Want to support the St. Cloud State Entrepreneurship Club? Join me in contributing to their $10,000 fundraising campaign to continue to grow their program- https://www.gofundme.com/st-cloud-state-entrepreneurship-club
Greater St. Cloud Development Corporation Supporting Entrepreneurship
Greater St. Cloud Development Corporation, which leads economic development for the Greater St. Cloud community, is focusing resources on and collaborating with partners in creating and supporting a robust ecosystem for start-ups. This includes contributing and raising funds towards this effort and convening individuals who are champions of business start-ups. GSDC President Patti Gartland was on hand for this year’s Husky Pitch, her first pitch event. GSDC will have a major new program to announce in the coming weeks to support a robust ecosystem for startups in Greater Minnesota. Stay tuned!
Our State’s Government Resetting Support for Improving Our Innovation Culture with the Minnesota Innovation Collaborative
Beyond the initiatives being taken at the university level, our state government is also prioritizing efforts to create a more robust innovation ecosystem. When it comes to politics, I try to take a non-partisan view and instead focus on the policies and budgets created by lawmakers. With that said, I see as one of the biggest bi-partisan problems in politics is that the many of our government officials lack an understanding of current technology opportunities, issues and trends as noted in the recent federal government hearings with big tech players. This is why the appointment of someone like Steve Grove to his post as Commission of MN DEED is so refreshing and his work bringing forward the new Minnesota Innovation Collaborative. Minnesota ranks very low in terms of the availability of capital to founders seeking to raise angel investment dollars. The Minnesota Innovation Collaborative (MIC) seeks to reinstate Minnesota’s previous tax credit program (https://greatnorthlabs.com/minnesota-innovation-collaborative/) and also provide additional funding support for entrepreneurial education programs. The MIC’s angel tax credit program and new entrepreneurially focused education programs will have a direct impact on the success of our future breakout founders starting high growth companies like Out Café and Remedy Club. I believe constituents of our state should support these efforts as our state’s culture must be more supportive of entrepreneurs if it is to continue to prosper for our future generations.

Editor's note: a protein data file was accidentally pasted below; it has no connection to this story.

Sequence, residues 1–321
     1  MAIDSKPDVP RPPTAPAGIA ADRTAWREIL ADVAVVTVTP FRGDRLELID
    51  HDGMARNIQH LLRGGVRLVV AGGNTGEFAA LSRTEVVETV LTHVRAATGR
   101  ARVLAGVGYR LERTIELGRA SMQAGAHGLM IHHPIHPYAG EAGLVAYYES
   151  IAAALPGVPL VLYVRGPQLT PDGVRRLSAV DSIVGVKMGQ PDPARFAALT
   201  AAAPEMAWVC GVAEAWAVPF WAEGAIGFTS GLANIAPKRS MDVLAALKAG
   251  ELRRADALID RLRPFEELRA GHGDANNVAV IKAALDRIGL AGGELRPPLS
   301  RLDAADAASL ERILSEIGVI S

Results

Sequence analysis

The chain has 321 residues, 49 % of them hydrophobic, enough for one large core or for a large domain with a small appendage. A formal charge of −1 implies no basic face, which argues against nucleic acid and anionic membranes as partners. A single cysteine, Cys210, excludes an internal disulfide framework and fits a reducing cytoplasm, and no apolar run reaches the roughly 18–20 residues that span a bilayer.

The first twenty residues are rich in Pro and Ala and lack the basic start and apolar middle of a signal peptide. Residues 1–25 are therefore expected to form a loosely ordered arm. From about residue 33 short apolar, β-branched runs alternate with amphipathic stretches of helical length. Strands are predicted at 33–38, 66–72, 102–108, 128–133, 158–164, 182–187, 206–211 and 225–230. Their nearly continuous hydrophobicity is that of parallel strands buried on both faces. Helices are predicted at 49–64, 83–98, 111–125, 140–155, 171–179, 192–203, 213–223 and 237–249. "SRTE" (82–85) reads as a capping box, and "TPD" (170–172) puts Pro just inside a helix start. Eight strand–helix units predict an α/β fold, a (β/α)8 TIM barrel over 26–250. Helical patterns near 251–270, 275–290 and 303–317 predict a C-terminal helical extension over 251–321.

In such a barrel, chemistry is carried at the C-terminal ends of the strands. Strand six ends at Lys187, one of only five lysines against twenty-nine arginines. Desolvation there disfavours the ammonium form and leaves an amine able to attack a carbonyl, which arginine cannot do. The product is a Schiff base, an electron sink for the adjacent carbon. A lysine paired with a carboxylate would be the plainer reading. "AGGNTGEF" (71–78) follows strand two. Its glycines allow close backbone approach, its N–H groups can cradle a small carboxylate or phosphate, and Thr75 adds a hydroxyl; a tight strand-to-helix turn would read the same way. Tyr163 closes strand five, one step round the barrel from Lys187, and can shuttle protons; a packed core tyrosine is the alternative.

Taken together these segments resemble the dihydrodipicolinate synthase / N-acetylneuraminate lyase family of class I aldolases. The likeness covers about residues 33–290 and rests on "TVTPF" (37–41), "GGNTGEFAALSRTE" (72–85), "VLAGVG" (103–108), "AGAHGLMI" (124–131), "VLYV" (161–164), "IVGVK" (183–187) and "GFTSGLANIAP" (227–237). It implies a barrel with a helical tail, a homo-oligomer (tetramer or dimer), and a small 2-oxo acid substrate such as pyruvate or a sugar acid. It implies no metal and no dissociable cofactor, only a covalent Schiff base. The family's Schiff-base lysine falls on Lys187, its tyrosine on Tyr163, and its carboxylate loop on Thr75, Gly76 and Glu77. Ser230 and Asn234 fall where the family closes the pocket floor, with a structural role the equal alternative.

This past Wednesday, I was invited to Baxter, Minnesota to join a roundtable discussion of leading Central Minnesota entrepreneurs (Janelle Riley, President Syvantis, Tom Haglin, President Lindar Corp, Scott Juranek, CEO Growth Zone) and local economic development leaders to discuss advancing innovation with Governor Tim Walz, Commissioner Steve Grove, and Speaker Melissa Hortman. My favorite quote of the day came from CEO Scott Juranek of Nisswa, Minnesota based Growth Zone. “Culture eats strategy for breakfast.” on the role leaders have in transforming their communities to foster innovation.
Creating a robust ecosystem to provide capital and mentorship to our region’s future breakout entrepreneurs is key to long term prosperity in our region. I am beyond excited to see this cultural shift happening across public and private leaders to ensure we have a prosperous future for generations to come.